Ghalia, Mississippi Blend (Ruf Records)

If you haven’t read the article on Ghalia Volt in this issue—go ahead, we’ll wait—you might not know just how impressive her story is. Born in Brussels, she discovered and nurtured her love for the blues practically all alone, eventually journeying to America to study it first-hand. She’s already been to Memphis, Chicago, New Orleans and the Mississippi Delta looking for the perfect bluesy groove, but she may have found it with her second album, which is dedicated to the Mississippi Hill Country strain of the art form, mostly found north of Oxford and which she’ll formally be debuting live at Chickie Wah Wah on November 2.

It would be tempting to call this her Fat Possum record, but it wouldn’t exactly be accurate. Although her version of the blues has always been electric and filtered through her rock and punk roots, the approach here is purely organic, with no remixes or outside “modern” influences, just a kinetic propulsion generated by the venerable Cedric Burnside and Cody Dickinson alternating on drums, topped off by Ghalia’s ability to move from an indie rasp to a keening howl in the space of a single phrase (not to mention her proficiency on both slide and dobro).

Unlike a lot of female blues singers, Ghalia doesn’t push too hard at being sassy or sultry, even as she works the genre’s most basic concerns from sex (“Squeeze”), to death (“Meet You Down the Road”), to loneliness (“First Time I Died”). Like her hero J.B. Lenoir, she gets political on “Why Don’t You Sell Your Children?” which starts as a boiling Canned Heat boogie before springing into a raveup whenever the truth gets too real (“Turning black honey / into gold money”).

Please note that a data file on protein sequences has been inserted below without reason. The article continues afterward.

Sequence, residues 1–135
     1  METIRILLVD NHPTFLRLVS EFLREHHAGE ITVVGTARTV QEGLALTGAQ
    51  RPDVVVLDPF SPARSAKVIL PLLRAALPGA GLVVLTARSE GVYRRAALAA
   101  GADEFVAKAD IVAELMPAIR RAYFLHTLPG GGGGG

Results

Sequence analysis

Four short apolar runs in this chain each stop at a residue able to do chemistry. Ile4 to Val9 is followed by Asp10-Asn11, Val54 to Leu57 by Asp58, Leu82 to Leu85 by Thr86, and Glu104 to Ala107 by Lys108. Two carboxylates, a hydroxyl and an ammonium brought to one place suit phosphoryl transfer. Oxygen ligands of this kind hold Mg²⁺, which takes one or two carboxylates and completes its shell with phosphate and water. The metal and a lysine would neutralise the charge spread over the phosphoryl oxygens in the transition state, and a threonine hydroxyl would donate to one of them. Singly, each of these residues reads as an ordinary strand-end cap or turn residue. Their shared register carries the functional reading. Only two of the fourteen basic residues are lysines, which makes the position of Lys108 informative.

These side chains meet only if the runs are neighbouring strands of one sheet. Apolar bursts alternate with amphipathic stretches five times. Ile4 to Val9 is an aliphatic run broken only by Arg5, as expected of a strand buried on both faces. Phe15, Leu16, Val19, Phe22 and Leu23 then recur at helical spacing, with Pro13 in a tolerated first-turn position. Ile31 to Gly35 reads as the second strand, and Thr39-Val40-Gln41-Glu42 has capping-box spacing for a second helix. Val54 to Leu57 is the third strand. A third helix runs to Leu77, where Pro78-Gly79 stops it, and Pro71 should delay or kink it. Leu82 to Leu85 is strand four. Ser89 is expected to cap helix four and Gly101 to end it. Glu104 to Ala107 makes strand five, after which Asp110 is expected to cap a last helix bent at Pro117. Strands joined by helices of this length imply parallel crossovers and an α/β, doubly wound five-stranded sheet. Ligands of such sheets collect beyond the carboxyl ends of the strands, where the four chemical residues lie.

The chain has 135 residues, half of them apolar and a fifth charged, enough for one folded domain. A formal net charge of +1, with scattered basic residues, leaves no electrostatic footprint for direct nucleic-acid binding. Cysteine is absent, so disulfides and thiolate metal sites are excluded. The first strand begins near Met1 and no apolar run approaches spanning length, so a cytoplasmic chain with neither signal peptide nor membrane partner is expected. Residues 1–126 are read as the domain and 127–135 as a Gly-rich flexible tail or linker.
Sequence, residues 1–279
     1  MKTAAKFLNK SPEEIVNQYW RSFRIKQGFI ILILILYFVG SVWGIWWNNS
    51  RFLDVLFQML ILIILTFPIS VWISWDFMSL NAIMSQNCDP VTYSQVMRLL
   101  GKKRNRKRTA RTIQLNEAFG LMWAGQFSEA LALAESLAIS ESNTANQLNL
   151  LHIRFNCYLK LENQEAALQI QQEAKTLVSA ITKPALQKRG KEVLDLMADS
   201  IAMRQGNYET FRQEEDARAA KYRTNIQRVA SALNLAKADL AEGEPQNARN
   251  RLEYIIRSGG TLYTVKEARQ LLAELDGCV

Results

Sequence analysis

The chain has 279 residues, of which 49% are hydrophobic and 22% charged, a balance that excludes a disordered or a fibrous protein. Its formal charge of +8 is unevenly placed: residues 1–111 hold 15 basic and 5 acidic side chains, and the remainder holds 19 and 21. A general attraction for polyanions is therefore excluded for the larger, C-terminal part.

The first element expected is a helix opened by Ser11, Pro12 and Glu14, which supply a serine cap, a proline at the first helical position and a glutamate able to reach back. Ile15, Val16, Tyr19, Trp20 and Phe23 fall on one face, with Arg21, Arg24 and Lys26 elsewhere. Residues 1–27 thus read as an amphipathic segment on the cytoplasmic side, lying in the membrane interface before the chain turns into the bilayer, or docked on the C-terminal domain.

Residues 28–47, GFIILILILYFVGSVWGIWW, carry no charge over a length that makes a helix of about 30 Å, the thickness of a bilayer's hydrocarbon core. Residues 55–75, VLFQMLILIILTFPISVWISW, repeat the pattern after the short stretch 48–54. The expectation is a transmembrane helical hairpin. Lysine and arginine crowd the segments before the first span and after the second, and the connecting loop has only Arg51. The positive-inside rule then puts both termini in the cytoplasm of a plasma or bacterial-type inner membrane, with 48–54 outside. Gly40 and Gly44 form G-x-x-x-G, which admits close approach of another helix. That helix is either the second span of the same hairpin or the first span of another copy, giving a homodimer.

Meanwhile, Cedric’s grooves stick so close to the martial fife-and-drum bedrock of Hill Country that Volt’s rebellious energy provides a whole new way forward for the music. In fact, Ghalia’s secret weapon may be her love of pure rockabilly: Cody’s double-time pushes her into a kind of frothy, early-Elvis joy on “Squeeze” and Marie Kinghr’s 1958 semi-obscurity “I Thought I Told You Not to Tell Them.” And if you’re still skeptical, there’s a take on “Wade in the Water,” done as a duet with Watermelon Slim, which arrives with enough Old Testament gravitas to make it sound like the blues set Johnny Cash and Hope Sandoval never attempted. Ghalia may have taught herself the blues, but there’s no reason to believe it’ll pin her down.